Disability advocates are calling on the government to correct the introduction of vaccinations in Australia, with the majority of the sector still awaiting their first coronavirus bite.
Disabled accommodation providers and residents should be involved in the first phase of the national rollout, which is aimed at the most vulnerable residents in the country.
David Moody, head of National Disability Services, says the sector is eagerly awaiting the outcome of Monday’s national cabinet meeting in the hope that a concrete plan will be developed to get the rollout going again.
He understands that it’s a great logistical exercise.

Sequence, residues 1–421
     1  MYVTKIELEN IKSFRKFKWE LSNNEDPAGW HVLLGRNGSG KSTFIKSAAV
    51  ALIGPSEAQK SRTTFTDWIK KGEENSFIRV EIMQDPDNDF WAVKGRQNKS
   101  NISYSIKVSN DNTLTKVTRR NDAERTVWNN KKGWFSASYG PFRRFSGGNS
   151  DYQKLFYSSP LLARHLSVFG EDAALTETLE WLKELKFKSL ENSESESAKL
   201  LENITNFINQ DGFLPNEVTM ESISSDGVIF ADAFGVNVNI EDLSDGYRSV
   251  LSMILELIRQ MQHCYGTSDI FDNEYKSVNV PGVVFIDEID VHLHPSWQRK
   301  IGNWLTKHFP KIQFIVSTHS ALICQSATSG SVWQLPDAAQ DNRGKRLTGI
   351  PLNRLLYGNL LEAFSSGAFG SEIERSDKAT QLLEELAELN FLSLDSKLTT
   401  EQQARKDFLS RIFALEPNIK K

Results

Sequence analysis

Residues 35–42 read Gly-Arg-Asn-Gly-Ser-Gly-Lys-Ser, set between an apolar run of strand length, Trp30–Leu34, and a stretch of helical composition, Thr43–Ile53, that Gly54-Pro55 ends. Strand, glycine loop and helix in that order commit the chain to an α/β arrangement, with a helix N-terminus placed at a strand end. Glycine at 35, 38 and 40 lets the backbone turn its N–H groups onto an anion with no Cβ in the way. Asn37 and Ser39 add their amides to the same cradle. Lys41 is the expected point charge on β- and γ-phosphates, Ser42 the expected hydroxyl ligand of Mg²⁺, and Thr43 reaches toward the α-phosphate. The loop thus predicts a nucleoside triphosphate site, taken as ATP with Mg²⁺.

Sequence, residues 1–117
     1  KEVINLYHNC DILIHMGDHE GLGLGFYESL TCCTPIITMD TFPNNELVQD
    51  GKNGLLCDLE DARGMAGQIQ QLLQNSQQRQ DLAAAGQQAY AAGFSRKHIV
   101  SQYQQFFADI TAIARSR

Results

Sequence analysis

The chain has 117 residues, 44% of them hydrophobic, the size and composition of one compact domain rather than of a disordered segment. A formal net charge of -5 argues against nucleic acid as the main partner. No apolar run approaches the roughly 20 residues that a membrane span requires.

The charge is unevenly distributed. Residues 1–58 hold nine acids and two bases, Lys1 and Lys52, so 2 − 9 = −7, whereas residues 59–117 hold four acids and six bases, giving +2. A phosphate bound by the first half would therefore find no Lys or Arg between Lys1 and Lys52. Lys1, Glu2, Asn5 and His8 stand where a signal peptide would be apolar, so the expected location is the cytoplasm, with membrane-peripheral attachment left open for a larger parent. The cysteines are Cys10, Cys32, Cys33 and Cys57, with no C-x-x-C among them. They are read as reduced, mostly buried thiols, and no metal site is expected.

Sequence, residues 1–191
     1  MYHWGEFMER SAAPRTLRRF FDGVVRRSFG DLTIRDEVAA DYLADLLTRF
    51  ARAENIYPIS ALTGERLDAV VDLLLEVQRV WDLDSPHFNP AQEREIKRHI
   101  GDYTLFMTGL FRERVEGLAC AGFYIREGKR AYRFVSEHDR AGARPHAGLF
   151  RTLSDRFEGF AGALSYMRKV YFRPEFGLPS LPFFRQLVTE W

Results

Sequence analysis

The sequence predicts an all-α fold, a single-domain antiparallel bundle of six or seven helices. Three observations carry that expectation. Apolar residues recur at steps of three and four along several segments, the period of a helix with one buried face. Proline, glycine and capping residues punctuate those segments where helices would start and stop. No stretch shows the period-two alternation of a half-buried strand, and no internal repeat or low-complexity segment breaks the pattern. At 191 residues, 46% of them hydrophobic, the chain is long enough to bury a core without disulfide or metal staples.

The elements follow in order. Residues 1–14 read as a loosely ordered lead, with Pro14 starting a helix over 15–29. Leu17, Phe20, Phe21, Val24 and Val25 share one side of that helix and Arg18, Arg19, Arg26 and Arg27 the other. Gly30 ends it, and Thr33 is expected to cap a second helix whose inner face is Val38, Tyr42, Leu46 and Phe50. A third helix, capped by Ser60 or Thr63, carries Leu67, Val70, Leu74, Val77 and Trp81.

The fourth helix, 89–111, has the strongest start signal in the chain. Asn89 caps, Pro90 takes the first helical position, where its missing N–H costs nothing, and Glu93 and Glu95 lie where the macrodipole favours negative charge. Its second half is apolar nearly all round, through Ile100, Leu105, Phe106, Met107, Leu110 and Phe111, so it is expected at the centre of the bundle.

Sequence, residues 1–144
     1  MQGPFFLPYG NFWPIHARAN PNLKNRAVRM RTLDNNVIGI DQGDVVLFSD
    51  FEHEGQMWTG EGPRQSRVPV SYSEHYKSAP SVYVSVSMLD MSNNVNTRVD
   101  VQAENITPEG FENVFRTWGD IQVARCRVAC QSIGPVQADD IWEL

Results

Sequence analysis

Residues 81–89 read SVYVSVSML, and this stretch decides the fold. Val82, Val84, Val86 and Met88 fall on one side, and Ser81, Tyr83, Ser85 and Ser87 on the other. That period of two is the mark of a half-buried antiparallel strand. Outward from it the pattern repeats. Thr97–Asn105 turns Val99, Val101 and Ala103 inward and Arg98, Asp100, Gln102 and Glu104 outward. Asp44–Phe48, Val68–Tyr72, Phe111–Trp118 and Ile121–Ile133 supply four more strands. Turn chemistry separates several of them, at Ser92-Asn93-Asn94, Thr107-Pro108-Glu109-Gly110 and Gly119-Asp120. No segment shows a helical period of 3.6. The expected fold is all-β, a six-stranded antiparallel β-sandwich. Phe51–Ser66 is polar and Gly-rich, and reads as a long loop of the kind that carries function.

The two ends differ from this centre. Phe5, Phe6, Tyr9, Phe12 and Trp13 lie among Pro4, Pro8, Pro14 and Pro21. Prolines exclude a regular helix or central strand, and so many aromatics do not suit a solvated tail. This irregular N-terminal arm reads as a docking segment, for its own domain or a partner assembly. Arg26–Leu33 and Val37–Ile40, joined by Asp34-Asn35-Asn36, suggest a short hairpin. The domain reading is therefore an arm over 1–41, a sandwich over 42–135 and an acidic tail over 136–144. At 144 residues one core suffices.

“That said, we’re frustrated, very frustrated, and concerned about the shortage of vaccines that should have gotten into people’s arms and been in Stage 1a,” Moody told AAP.
“The reason the disability sector was identified for priority vaccine access is because we know from research that people with disabilities often have much harsher effects when they receive COVID-19.”
Mr Moody wants to know how and when people are vaccinated in shelters for the disabled.
Prime Minister Scott Morrison will meet with his state and territory counterparts on Monday as they are grappling with updated health advice that has put them back on the drawing board for the vaccine rollout.
The guides will meet twice a week until it is on the right track.
Most Australians were supposed to get the AstraZeneca vaccine, but this has been linked to rare blood clots so people under the age of 50 have been directed to get the Pfizer option instead.
The Commonwealth is primarily responsible for vaccinating disabled residents and has contracted private companies to deliver the shocks.
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